Hundreds of Unexpected Freshmen? Irvine Isn't the Only One

University of South Carolina is expecting up to 700 more freshmen than projected. The institution has been scrambling this summer to welcome them all, and no acceptances have been revoked.

August 14, 2017
 

The talk of the admissions world in the last month has been how the University of California, Irvine, managed to be so off in its yield projections that it is expecting up to 800 more freshmen this fall than projected, and how the university created a public-relations disaster by revoking the acceptances of hundreds of admitted students. Irvine has since pledged to admit most of those students, but the questions remain about just how a university should handle an unexpectedly large incoming class.

It turns out that Irvine isn't the only institution dealing with such an issue. The University of South Carolina is expecting at least 600 extra first-year students to show up later this month, and maybe 700 or more. You may not have heard about it because South Carolina is managing the situation without revoking anyone's acceptance.

Here's how that university is ending up with hundreds of extra students, and little time to prepare -- but is making it work.

South Carolina is actually trying to grow its freshmen classes by about 100 students a year, toward an eventual goal of 6,000. This fall the target was 5,300.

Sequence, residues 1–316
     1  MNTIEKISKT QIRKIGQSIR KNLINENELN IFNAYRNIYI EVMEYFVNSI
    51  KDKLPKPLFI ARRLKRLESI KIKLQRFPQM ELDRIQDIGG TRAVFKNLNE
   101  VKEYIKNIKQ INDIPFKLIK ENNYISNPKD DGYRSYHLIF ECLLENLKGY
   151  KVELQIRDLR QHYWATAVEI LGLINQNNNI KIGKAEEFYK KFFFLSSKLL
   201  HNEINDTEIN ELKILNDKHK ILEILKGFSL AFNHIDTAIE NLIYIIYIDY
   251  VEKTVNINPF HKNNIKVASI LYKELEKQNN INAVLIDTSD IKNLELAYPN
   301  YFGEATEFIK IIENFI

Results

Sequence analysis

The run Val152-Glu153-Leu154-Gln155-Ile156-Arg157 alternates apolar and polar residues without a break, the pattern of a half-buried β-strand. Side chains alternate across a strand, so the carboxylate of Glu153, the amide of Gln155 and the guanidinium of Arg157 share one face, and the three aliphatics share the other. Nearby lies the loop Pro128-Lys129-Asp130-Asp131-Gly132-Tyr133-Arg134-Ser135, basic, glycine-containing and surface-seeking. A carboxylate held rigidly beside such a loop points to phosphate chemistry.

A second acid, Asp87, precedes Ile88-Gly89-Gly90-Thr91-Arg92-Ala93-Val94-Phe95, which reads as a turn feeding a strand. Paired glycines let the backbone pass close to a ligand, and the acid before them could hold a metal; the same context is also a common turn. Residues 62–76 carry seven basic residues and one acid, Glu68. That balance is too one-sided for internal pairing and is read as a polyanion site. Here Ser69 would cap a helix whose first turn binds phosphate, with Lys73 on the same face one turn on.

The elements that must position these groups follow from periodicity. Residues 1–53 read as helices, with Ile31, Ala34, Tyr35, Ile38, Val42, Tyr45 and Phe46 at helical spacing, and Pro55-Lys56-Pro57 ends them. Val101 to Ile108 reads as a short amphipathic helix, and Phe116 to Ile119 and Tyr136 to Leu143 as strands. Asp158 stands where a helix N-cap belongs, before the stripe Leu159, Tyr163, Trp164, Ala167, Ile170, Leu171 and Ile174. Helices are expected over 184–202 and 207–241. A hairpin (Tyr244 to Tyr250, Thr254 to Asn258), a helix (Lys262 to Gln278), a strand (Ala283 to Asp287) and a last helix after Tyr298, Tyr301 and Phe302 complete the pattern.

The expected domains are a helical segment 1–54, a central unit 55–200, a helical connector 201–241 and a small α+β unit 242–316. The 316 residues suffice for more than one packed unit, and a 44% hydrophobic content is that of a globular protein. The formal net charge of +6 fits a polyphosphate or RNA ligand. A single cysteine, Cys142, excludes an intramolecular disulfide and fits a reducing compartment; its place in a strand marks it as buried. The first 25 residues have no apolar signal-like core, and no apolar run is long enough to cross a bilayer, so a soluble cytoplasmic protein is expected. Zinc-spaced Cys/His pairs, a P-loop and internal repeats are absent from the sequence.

Scott VerzylScott Verzyl, associate vice president for enrollment management and dean of undergraduate admissions, said that, given the growth strategy, the university has been stepping up recruiting efforts and admitting more students in recent years -- and perhaps the university was too ambitious. But in early April, the university seemed on track to hit 5,300 easily, and perhaps to go over by a few hundred. But then came "the basketball bounce."

South Carolina's men's basketball team made it to the Final Four, and the women's team won the national championship -- with both teams attracting wide followings in the state and making many people prouder than ever of the university, Verzyl said. By that point, admissions offers were out.

And then acceptances just kept on coming in, going well over 6,000.

Verzyl said that he assumed "summer melt" would bring the numbers down quite a bit, but that hasn't happened. Melt is always possible right up to enrollment. But South Carolina has orientations throughout the summer, and generally sees very little melt from those who attend the orientations (where they also register for classes), making orientation numbers a good measure of actual enrollment. The orientations have been packed.

For South Carolina, this year also illustrates the challenge of projecting yields, which have now been falling for some time for most colleges -- as many students apply to more institutions than they did in the past, worry about paying for college and are increasingly fickle in their choices.

In 2006, South Carolina's yield was 42 percent, but by last year it had fallen to 29.5 percent. That kind of drop is "worrisome" for enrollment managers, Verzyl said. "As we admit more students to compensate, the risk of oversteer is greater, and our historic prediction models are less reliable," he said. "But it is our moral obligation to honor our offers of admission. If more students decide to take us up on that offer than we initially expected, then we must manage."